However, Jem and Scout lack the pride that Aunt Alexandra considers commensurate with being a Finch. Dill slurps up some of the liquid and Scout warns him not to take much, but Dill reveals to her that the drink isn't alcoholic—it's only Coca-Cola. Things go smoothly until after dinner when, alone in the backyard with Scout, Francis starts calling Atticus all sorts of terrible names because he's defending a black man. Avery and Miss Maudie, and she tries to question Jem and Scout about the trial. He also seems exotic to other kids because he comes from the faraway land of Mississippi and, being aware of that, he exploits it and sparks their interest in him even more by telling them stories from his life which they cannot verify. Here we see how the law, which is meant to protect people, can sometimes be harmful if followed too absolutely.
Fire trucks arrive after that; unfortunately, they are unable to stop her house from burning down, but they do prevent other houses nearby from catching fire as well. She almost falls over when they deduce it was Boo Radley that brought the blanket out to her in the night, and she never even knew. He has finished going over the evidence and now makes a personal appeal to the jury. Calpurnia refers to old Mr. The end of the month arrives and Mrs.
While watching the fire, Boo wraps a blanket around Scout, and she doesn't even notice. Bob Ewell's threats are worrisome to everyone except Atticus. In general, those who are usually seen and described as being willfully inside the house: Mrs. He accuses them of putting Boo's life history on display for the edification of the neighborhood. Tate when it had happened and for him to describe her injuries. Dubose wants him to read out loud to her every afternoon for a full month. To Kill a Mockingbird Chapter 17 Summary By Harper Lee The Main points in this Chapter include: - Mr.
In front of the Radley yard, they shiver and hope that the flames won't come too near their own house. Dubose makes remarks about Atticus's case, Jem responds with detachment and keeps his anger hidden. Nathan Radley, hears them and, thinking they're intruders, fires a shotgun. Dolphus Raymond, a wealthy eccentric who owns land on a river bank, lives near the county line, is involved with a black woman, and has mulatto children. Ewell could read or write. Jem knowing that Dill was a big exaggerator asked how he got there. Ewell if he was ambidextrous.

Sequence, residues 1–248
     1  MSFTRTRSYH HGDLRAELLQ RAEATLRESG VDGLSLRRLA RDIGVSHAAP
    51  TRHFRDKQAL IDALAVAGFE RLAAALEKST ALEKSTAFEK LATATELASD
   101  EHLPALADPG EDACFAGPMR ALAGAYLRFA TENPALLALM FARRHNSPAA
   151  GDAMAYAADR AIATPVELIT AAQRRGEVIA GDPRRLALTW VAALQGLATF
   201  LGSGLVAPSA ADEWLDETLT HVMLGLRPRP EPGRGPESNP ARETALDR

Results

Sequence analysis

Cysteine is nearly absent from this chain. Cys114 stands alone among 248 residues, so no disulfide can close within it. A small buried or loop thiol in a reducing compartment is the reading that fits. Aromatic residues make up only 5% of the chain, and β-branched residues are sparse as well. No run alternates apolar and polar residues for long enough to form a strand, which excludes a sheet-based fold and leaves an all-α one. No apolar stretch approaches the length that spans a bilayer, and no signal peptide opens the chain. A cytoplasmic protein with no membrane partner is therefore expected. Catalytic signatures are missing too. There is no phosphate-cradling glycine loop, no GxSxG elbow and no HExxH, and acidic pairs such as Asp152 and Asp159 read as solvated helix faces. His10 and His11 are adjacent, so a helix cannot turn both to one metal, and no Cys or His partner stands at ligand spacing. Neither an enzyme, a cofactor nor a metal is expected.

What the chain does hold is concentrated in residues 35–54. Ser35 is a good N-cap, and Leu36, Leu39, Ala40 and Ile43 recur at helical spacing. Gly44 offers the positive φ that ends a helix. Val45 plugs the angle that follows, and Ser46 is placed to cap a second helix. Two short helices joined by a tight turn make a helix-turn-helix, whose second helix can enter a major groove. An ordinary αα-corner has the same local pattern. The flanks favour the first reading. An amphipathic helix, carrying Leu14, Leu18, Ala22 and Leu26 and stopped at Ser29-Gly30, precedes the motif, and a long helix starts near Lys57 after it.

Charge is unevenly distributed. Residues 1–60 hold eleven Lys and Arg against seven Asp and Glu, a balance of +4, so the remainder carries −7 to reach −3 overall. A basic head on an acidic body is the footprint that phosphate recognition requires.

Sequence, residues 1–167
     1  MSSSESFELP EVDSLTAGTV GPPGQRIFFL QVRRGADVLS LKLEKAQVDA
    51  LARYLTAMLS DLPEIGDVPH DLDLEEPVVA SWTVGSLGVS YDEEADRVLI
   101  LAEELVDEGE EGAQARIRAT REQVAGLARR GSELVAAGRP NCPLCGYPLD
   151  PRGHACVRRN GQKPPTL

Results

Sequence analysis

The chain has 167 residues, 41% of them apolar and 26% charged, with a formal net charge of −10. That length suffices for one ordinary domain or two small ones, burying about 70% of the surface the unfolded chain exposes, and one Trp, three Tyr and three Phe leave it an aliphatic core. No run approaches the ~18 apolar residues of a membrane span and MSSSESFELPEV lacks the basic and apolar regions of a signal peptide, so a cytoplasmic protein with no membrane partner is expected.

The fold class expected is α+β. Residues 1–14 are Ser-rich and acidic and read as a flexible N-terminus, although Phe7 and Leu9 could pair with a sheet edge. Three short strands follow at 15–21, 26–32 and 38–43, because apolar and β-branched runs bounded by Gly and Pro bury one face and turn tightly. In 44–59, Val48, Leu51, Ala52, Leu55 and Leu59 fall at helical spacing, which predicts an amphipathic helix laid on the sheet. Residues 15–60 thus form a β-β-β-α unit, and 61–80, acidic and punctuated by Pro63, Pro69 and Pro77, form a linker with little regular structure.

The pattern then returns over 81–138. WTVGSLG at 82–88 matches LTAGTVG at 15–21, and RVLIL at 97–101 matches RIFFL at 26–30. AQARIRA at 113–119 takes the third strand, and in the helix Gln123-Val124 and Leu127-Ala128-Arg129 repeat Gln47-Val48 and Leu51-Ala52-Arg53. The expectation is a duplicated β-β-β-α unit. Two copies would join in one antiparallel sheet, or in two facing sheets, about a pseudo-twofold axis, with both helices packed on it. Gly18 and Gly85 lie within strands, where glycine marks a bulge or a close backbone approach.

Dolphus Raymond, the rich white man with the colored mistress and mulatto children. On the way to the business district in Maycomb is the house of Mrs. Jem is gone for a little while, but returns with the pants, trembling. Atticus replies that the law demands that she go to school, but he promises to keep reading to her, as long as she does not tell her teacher about it. Scout immediately felt like Jem was trying to tell her what to do just like everybody else was doing and she told Jem that he had no right to tell her what to do. One does not love breathing.
Reverend Sykes explains that she may have trouble getting any work in the fields now. When they try to escape, they squeeze under the schoolyard fence. The school may be attempting to turn the children into moral beings, but Scout's moral education occurs almost exclusively in her home or in the presence of Maycomb adults and friends. Like the Finches: , her brother Jem, and their father Atticus. Expecting it to be the sheriff and his crew, Scout jumps out of hiding to greet them. Dubose won, because she died beholden to nothing.
They beg to be allowed to hear the verdict; Atticus says that they can return after supper, though he knows that the jury will likely have returned before then. At the Finch house, Atticus and Walter discuss farming, and Scout is overwhelmed by their adult speech. Dubose's house and apologize to her in person. Scout, upset, goes to Atticus for comfort. Then he calls out Scout's name and tells her to go to bed.
Scout, innocently recognises one of the mob a Cunningham as a parent of a school friend, which saves the day by reminding the men that they, like Tom, are parents too. Miss Maudie adds that Boo was always polite and friendly as a child. People from all over the county flood the town. Jem and Atticus discuss the justice of executing men for rape. At the window, Scout and Jem hoist Dill up to peek in the window.